• Cancel Auto Racing in 2020

Racing Roundup: Here’s Why all Racing should be Cancelled in 2020

Otherwise, with some exceptions, many of the teams across all series won’t be able to stay in business.

Norris McDonald By: Norris McDonald March 30, 2020

Bernie Ecclestone is right: they should cancel the Formula One season. Why? So the sport can survive.

In fact, all the big-league racing leagues in the world – NASCAR, IndyCar, WEC, IMSA – should do the same thing. Otherwise, with some exceptions, many of the teams across all series won’t be able to stay in business.

Let’s start with F1. Ecclestone has been taking a lot of heat on Twitter and some of the other social media platforms for suggesting the people running it now should bite the bullet and call off everything until 2021. This is his reasoning:

Some of the smaller teams, Williams, in particular, are living hand-to-mouth. If there is no season, they can lay off most of their employees and save the money. But Liberty Media, owners of the sport, have opted to keep postponing races in hopes of getting the 2020 season running at some point.

At present, the Canadian GP will be the first race of the season. Until it is cancelled (as it will, you know), Williams – like all the other teams – has got to be ready to race. All of their engineers and mechanics and pit-crew members and designers and support staff have to remain on the job. With next-to-nothing coming back in the meantime, Williams is in danger of running out of money. But if there were no Grands Prix, Williams could furlough them all (or most of them), bank the cash and live to race another day.

It’s not just the smaller, underfunded teams that are vulnerable. In case no one has noticed, most of the world is locked down. The automobile industry is not making any cars and if they are not making and selling cars, they are not making any money. Auto racing sponsorship is discretionary spending. Short of cash? Stop advertising and sponsorships.

For instance, it is no secret that Mercedes-Benz’s board of directors, in recent years, has discussed withdrawing from the sport. The return on investment, even though they win everything, isn’t worth it, some on the board say. A year like this, where the world is roaring toward recession, if not all-out depression, could be the straw that breaks the Mercedes back. But if there is no racing this year, a recovery in late 2020 or early in 2021 could make everybody feel better about sponsorship and the Mercedes board could vote to carry on.

Nobody knows F1 as well as Bernie Ecclestone. He knows who makes money and who doesn’t. And why does he know this? Because if a team went broke, Ecclestone – when he was in charge – would give them money to keep going. Ask Sauber about that. If a team owner wanted out, Bernie would find a buyer (Jordan became Spyker became Midland became Force India became Racing Point – all engineered by Bernie.)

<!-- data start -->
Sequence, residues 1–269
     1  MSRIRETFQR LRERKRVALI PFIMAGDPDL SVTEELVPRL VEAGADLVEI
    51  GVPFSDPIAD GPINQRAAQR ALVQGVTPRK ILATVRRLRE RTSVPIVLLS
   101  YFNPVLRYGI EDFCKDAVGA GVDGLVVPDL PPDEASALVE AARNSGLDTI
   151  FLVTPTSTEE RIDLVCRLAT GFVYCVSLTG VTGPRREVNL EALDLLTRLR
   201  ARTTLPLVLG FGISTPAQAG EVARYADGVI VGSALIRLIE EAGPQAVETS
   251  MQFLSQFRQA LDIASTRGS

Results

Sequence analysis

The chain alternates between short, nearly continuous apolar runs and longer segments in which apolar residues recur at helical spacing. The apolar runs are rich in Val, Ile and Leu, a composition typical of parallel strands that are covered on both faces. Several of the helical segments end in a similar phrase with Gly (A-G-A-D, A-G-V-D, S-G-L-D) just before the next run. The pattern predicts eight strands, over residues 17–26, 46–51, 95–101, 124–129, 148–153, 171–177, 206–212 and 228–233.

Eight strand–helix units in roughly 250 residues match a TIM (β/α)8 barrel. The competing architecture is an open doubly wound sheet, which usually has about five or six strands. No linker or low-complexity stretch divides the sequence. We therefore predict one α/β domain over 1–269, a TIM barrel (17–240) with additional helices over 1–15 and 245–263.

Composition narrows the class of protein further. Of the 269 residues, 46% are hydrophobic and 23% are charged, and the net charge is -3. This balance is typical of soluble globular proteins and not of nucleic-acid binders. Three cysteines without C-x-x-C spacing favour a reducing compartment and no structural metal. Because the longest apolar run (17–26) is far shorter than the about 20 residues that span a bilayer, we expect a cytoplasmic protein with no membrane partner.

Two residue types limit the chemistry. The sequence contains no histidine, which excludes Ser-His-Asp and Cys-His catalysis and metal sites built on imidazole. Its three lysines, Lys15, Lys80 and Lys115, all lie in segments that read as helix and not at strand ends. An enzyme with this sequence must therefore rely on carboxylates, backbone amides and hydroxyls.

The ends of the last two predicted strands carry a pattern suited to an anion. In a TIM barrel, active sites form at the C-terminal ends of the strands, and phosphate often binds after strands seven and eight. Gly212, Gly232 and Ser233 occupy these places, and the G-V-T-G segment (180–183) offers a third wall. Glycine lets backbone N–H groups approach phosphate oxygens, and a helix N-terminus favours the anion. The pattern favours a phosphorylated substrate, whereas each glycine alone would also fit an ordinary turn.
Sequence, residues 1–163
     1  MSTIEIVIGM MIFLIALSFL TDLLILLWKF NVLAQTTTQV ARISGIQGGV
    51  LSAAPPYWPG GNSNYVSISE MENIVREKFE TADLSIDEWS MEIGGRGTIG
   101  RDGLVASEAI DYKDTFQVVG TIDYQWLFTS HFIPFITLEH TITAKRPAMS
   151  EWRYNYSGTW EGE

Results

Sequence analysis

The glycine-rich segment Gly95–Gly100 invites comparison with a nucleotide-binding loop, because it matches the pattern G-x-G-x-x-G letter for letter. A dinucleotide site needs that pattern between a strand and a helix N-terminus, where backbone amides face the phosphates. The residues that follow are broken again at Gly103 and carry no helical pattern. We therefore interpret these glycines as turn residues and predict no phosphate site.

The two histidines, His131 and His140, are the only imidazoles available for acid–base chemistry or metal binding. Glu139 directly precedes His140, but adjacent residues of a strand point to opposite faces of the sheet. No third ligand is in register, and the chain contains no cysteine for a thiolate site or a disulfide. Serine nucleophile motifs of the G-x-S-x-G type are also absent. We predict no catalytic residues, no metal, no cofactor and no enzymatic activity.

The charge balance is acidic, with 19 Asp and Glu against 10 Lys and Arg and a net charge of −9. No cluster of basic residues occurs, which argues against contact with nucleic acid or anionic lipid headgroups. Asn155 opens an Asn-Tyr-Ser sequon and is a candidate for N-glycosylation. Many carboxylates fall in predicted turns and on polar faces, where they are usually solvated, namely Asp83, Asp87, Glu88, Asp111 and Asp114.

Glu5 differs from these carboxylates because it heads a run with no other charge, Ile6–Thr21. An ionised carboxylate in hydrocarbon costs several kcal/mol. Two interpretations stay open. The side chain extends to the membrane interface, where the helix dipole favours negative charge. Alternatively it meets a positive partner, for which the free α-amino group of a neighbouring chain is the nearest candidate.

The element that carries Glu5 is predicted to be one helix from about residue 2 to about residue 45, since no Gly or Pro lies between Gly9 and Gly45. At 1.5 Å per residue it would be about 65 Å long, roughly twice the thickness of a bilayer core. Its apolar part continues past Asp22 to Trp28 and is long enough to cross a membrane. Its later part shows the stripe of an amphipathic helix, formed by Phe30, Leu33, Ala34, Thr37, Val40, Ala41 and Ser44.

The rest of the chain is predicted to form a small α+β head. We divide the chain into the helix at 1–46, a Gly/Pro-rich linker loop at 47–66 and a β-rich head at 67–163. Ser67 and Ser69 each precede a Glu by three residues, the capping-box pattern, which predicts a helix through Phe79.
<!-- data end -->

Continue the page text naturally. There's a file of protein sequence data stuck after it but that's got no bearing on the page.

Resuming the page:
What is happening now is unprecedented. But the one constant is that motor racing costs an enormous amount of money and while there will still be money around when things get back to normal (which is not going to happen any time soon), there will not be enormous amounts. So Williams, Haas and AlphaTauri could be on the bubble in F1 with Renault, Alfa Romeo and Mercedes also under threat.

If there is no 2020 season, the teams can save money instead of having to continue spending it.

When Bernie Ecclestone talks, people should listen.

Moving over to this side of the Atlantic, the NASCAR and IMSA seasons have been put on hold and IndyCar and others just never got going. But the economy is going down the toilet and despite what some people might like to believe, many sponsorship contracts that were signed in good faith before the season started will likely not be honoured because the money just won’t be there.

I don’t want to get into a guessing game here as to who won’t survive but the betting is that not all the teams that are entered in the various series as of today will be answering the bell when the seasons finally get going.

Everybody talks optimistically about the crisis being over by such and such a week or month but nobody really knows. That’s why I think it’s folly to announce that racing will begin on such-and-such a date because who knows if it will happen or not?